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CONTINGENCY PLANNING TRAINING OF FACILITATORS (CPTOF)

Two DILG-ARMM personnel, Mauricio F. Civiles, Statistician II/DRR-CCA Focal Person, and Majaramir Y. Sumail, RIO/Alternate Focal Person, attended the four-day Contingency Planning Training of Facilitators (CPTOF) which was held at Ninong’s Hotel, Legazpi City, Albay, on October 4-7, 2016. The activity was attended by the DILG DRR-CAA Focal Persons and Alternate Focal Persons nationwide.

 

On the first day, the program started with the introduction of contingency planning. It was said that contingency planning was pioneered in the Philippines in early 2002 with the support of United Nations High Commissioner for Refugees (UNCHR). Initially, it was intended towards the management of the displaced population resulting from the armed conflict situations in Mindanao. Through the years, contingency planning gained attention not only in managing displaced population but also in handling emergencies. Hence, the UNHCR assisted the National Disaster Coordinating Council (NDCC) in developing the “Contingency Planning for Emergencies: A Manual for Local Government Units.”

A contingency plan was defined as “a scenario-based plan for specific and projected natural and/or human-induced hazards.” It aimed to address the impacts of the hazard to people, properties, and environment, and/or to prevent the occurrence of the emerging threats through the arrangement of timely, effective, appropriate, and well-coordinated responses as well as the efficient management of resources.

Hazard identification workshop was conducted. One of the vital parts of a contingency plan was the identification of hazards that would serve as the foundation for the development of the scenarios. The hazards were identified through the use of a simple tool that compared the different hazards threatening the LGU/ community/ agency/ office/ organization based on their “Probability” and “Impact”. Next workshop conducted was the anatomy of the hazard. This aimed to describe the root causes, triggering factors, early warning signs and existing mitigating measures for the identified hazard to plan for.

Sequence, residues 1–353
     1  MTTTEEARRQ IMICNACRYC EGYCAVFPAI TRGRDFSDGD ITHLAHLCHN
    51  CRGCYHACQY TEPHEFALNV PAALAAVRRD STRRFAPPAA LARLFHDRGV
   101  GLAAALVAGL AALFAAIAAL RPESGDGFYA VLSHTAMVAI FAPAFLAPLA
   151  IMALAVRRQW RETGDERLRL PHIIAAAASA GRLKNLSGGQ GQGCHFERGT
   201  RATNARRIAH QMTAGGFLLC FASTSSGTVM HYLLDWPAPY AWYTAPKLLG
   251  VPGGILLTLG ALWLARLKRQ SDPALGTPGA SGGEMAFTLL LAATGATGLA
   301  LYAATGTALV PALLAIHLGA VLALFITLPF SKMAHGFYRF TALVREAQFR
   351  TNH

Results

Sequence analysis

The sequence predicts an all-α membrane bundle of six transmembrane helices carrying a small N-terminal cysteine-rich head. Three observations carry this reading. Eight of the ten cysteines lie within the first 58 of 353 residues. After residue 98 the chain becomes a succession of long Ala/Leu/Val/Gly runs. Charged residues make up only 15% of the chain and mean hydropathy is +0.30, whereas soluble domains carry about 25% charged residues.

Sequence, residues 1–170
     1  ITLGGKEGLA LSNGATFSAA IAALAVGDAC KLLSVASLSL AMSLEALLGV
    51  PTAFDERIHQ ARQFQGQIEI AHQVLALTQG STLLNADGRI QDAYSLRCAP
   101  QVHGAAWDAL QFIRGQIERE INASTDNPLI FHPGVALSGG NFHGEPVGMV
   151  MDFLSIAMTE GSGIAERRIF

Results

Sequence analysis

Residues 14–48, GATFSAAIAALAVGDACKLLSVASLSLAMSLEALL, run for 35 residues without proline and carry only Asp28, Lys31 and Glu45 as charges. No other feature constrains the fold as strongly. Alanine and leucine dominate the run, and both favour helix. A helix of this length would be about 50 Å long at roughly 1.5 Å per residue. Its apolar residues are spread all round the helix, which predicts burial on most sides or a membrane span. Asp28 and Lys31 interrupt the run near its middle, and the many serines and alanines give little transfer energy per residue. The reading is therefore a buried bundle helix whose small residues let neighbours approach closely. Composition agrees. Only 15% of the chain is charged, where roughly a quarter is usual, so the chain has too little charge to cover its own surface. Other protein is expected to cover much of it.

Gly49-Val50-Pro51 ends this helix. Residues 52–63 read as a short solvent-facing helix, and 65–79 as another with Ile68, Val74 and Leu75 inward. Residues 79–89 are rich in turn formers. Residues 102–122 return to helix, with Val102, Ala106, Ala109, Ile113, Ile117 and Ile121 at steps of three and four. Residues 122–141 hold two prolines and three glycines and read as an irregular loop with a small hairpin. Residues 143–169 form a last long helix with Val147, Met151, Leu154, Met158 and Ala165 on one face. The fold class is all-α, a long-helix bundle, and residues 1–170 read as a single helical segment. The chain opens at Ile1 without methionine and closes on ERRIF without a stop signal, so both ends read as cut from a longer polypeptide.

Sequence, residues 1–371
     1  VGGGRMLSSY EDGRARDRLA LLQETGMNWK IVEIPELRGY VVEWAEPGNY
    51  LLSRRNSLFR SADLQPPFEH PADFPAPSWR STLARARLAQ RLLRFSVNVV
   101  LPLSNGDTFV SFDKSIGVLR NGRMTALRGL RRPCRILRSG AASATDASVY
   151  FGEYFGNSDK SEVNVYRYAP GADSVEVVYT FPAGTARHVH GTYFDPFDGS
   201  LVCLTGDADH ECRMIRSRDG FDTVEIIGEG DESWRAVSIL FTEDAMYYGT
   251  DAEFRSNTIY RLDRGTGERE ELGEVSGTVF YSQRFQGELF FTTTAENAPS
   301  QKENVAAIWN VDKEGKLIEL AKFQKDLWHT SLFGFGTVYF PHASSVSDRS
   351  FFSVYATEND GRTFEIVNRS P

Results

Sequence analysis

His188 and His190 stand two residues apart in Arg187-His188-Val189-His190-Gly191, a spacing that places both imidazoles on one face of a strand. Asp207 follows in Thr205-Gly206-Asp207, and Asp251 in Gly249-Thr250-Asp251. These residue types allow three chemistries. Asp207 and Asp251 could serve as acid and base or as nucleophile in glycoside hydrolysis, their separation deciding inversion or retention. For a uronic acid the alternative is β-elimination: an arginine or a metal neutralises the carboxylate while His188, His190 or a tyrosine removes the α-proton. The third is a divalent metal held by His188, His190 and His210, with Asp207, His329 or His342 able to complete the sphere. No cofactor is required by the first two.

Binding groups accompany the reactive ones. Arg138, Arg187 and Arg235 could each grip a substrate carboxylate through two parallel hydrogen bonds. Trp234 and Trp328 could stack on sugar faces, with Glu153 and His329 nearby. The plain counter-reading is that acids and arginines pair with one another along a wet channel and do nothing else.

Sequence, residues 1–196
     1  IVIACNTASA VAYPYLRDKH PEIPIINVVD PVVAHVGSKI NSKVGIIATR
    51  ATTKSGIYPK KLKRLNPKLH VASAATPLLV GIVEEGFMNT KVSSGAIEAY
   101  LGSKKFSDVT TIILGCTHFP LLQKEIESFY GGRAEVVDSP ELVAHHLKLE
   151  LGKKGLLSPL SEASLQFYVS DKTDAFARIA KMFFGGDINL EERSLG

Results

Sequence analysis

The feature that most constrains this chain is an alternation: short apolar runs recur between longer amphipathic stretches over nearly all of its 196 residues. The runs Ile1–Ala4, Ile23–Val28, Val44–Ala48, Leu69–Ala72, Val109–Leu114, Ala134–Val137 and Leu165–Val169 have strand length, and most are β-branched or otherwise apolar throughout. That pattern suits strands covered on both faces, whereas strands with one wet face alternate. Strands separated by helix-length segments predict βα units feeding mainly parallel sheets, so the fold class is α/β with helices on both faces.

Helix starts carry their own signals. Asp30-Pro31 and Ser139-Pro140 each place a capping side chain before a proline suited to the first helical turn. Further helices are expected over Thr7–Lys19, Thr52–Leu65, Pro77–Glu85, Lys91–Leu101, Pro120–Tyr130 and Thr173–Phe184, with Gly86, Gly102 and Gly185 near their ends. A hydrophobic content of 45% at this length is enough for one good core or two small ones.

On the second day, the standard for writing the goals and objectives were lectured. According to the resource speaker, they should be anchored to the SMARTER standard. In specific, it meant: in particular, S-pecific, M-easurable, A-ttainable, R-ealistic, T-ime bound, E-xtending, and R-ewarding. Moreover, coordination, command and control were discussed. It was stressed their importance for the LGU/ community/ agency/ office/ organization to have an organized response system in order to accomplish the goals and objectives to provide the necessary services of the affected population.

Cluster identification workshop was conducted. It was intended to describe all the response clusters that would be needed in response to the worst scenario, the lead office/agency for each cluster as well as the members. The examples of clusters given were: food and non-food items; health; law and order; camp coordination and management; logistics; search, rescue and retrieval; and, management of the dead and the missing.

On the third day, workshops continued. In the needs and activities inventory workshop, the output should meet the needs, the offices/agencies responsible and timeline to address the needs before and during the actual situation. In the resource inventory workshop, the output should show all the existing resources of the lead and member offices/agencies. Lastly, in the needs projection and resource gap identification workshop, the participants’ output reflected the current resources versus projected needs as well as the resource gaps and their possible sources.

On the fourth and last day, the emergency operations center and incident command system were taught for better understanding. The planning of their proper organizational charting was put into workshop. The final activity of the day was field exposure.

It is observed that the four-day CPTOF covered relevant procedures to address the preparation gap of agencies and LGUs in disaster preparedness and resiliency in terms of fortuitous event and force majeure. Therefore, it is recommended that the knowledge gathered in the significant activity should be cascade to concerned provincial levels and LGUs.